But daily distractions

      It seems as if cats,
      The deer, and the turkey
      Have been out shopping
      Seemingly quirky
      Ollie's catnip banana

      For Christmas and birthday
      I had many treats
      Sherry and gift cards
      And even sweets

      Me spoiled rotten is
      How it has been
      My hubby's the best man
      That I've ever seen.

      Mushing her stocking
      Sady's Xmas mouse

      Sady & JB watch football!

      Who has been sleeping here?

       I know who!
      Momma, you sleeping?

      Sunday 26 December 2010

      Christmas bird count

      We had goldfinch, chickadees, juncos, 7 mourning doves, woodpeckers, and 28 wild turkeys.

      First the wild turkeys...we had six.  The turkeys were hilarious.

      Then the goldfinches, various woodpeckers, ravens.

      By the afternoon, 28 had massed on the back lawn.
      Yep! There were 6 turkeys this morning, 28 by the afternoon. I couldn't believe it! Scratching away in the snow for bird seed (0:30). At 1:50, the turkeys stopped, moved into the forest after our 3 deer went scrambling across the gully up the hill. I watched, and spotted a wolf (2:20). I couldn't believe it. All I caught was a shadow of it.

      You can see them walk into the backyard in single file!

      Saturday 25 December 2010

      Merry Christmas

      Place this on top of a jar of mini-marshmallows!  I've had much fun with this poem. I don't know where it comes from!

      Christmas with the critters

      The Christmas story, Sady whacks Mary.

      And then there are our trains!

      Olive, the other reindeer

      On this, Christmas Eve, I show gratitude for being able to share our forest/lawn with the critters.

      Our deer (Dorothy, Rachel, Miranda - doh, ray, me!) have been coming to our feeder for awhile, before the snow flew. Our grass is rather yummy!
       Suddenly, a few days ago, we had 7 deer. D, R, M weren't too happy. JB was delighted, and quickly made up their names. He's good at that. All those years being a serious business man, the creativity and humour just explodes in a celebration of retired life!

      We do have enough for Santa's sleigh, now. They kept chasing one another away until D, R, M moved away to the bird feeder, and they ignored Olive, and the other deer.

      Then, they went into the front yard and ran across the road.

      Friday 24 December 2010

      Red squirrel delight

      A regular visitor at our new bird (deer) feeder, it watches for cats like stink. The baffles work well.  Fortunately, the jays scatter enough seed for Santa's reindeer, we had 7 visitors the other day!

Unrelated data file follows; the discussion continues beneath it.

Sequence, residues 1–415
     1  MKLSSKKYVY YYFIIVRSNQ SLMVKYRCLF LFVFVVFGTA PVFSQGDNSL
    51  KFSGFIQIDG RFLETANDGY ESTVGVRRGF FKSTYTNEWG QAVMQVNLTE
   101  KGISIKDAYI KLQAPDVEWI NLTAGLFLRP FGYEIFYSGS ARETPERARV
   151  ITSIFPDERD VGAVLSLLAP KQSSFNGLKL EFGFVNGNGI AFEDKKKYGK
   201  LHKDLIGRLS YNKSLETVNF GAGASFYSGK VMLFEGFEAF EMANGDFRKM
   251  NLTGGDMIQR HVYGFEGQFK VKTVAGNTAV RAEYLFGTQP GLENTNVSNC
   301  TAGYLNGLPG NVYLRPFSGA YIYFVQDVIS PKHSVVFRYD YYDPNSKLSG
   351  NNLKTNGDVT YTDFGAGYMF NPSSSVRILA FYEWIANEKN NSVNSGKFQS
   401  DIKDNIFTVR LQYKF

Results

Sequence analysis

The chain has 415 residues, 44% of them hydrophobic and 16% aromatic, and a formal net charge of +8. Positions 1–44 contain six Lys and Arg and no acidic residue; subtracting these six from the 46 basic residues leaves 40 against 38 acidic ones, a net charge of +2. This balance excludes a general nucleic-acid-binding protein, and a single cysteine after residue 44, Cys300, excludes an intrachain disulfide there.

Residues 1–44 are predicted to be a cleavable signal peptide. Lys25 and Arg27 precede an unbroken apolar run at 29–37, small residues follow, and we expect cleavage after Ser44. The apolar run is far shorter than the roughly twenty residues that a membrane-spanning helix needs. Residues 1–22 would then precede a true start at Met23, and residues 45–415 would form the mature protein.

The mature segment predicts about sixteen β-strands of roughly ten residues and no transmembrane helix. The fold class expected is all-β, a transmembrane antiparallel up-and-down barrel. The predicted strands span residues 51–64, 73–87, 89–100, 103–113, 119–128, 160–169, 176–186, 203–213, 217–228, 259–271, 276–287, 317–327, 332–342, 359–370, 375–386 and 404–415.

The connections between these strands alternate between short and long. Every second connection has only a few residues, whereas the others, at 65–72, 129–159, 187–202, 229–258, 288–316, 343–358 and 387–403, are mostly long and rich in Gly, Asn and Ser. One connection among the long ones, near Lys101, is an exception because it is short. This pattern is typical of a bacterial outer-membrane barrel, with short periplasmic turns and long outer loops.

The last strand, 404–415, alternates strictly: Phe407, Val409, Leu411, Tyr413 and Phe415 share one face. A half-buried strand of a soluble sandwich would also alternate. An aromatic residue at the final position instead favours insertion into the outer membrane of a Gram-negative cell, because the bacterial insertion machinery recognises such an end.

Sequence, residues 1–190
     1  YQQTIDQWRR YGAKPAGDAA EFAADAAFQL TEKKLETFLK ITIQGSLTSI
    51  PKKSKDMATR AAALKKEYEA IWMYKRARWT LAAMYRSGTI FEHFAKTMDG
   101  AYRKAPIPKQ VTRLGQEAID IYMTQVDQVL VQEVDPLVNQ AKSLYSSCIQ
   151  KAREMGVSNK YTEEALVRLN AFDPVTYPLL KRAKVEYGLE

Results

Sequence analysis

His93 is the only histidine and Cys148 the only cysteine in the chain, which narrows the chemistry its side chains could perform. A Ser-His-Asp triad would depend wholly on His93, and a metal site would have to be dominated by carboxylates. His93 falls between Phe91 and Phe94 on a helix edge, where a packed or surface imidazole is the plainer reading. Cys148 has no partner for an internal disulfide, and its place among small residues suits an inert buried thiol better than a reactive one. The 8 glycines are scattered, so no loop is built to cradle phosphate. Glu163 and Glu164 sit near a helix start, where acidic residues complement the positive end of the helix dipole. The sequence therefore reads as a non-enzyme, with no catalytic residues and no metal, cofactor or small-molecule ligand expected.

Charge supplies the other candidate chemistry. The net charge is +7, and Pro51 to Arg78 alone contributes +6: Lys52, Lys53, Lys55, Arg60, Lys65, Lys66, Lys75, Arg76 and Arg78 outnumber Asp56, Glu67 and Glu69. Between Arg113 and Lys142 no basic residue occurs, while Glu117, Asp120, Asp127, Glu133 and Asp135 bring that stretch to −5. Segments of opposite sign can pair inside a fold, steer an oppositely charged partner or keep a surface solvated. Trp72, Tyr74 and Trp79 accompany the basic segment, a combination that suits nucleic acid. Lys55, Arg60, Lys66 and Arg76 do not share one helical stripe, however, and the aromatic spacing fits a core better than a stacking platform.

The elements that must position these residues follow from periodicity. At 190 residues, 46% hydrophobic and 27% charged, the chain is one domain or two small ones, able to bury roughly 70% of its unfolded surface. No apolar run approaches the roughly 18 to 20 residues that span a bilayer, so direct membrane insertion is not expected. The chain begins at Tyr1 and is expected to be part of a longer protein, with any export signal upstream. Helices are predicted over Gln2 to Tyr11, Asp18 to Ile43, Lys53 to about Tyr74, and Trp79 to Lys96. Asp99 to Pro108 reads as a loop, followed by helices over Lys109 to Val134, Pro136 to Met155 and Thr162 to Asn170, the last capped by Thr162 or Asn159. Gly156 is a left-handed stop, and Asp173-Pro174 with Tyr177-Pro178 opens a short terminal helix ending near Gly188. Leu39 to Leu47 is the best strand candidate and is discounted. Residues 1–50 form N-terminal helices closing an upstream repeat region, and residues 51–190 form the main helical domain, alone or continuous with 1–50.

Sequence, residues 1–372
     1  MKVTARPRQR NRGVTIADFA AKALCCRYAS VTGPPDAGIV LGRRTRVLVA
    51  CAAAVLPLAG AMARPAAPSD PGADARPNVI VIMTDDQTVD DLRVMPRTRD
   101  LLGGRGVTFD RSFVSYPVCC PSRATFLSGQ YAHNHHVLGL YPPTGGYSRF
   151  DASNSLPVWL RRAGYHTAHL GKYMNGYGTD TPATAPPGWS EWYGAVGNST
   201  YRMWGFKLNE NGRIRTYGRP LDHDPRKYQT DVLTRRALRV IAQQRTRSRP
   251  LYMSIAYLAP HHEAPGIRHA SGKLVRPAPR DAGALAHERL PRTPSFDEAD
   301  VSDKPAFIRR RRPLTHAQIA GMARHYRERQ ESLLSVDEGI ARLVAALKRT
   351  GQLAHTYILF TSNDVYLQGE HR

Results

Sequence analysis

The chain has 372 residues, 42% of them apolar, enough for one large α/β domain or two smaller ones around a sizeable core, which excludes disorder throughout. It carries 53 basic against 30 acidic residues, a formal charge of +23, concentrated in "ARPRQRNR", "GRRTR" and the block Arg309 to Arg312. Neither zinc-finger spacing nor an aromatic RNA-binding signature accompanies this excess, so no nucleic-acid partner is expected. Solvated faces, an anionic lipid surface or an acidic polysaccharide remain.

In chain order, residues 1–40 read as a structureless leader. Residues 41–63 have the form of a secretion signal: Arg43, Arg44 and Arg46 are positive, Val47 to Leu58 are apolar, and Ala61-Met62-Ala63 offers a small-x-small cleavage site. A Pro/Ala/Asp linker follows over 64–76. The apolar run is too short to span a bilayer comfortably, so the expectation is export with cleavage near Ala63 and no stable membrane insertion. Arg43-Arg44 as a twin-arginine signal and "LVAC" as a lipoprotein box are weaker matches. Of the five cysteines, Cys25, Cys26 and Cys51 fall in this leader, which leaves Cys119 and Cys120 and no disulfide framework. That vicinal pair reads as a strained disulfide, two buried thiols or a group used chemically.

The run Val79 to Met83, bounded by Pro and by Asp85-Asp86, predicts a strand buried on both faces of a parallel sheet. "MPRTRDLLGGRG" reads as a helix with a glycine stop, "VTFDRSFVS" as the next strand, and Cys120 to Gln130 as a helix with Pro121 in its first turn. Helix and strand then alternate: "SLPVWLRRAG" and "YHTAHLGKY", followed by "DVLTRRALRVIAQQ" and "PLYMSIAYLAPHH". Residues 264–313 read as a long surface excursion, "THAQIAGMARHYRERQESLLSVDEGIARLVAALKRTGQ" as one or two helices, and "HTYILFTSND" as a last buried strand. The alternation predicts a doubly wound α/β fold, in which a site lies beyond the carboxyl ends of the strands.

I discovered it was tunnelling under the snow, like a mole (the 1st 4 sec. of video). So entertaining!

      I have yet to figure out how to get close enough for photos, as I did in Bala (where the photos are from). My hyperactive little tree rat is a bit jumpy. Danger (AKA Oliver) lurks in the open lawn, behind a bush!

      Lovely red coat

      Hey George. Tell him to get his paws off of me!

      Catch me if you can.

      Nipping it in the bud!

      Thursday 23 December 2010

      Freedom 55.1

      CIHI abortion statistics
      Women are learning to fight for the issues in which they believe. Technology, however, has moved us into a new era of ethics. IVF, surrogacy, early identification of fetal issues.

      Maria Shriver, for example, not content to be Governor's wife or figurehead, or simple volunteer, followed her mother's path (Eunice Kennedy Shriver) and jumped into advocacy. With her power, influence and money, comes responsibility.

      Problem is, when someone famous begins advocating for something, we trust that they know whereof they speak. In one article: in which (thankfully) language is being cleaned up, 

      In October, Barack Obama signed a new law that prohibits the U.S. government from referring to the "mentally retarded" in any of its laws and regulations. The term to be used instead is "intellectual disability."
      How many times have I heard a kid put down another using this word? I simply did not permit it. With inclusion, and acceptance of those who are different, society has moved into a whole new era.

      However, they then cite these stats...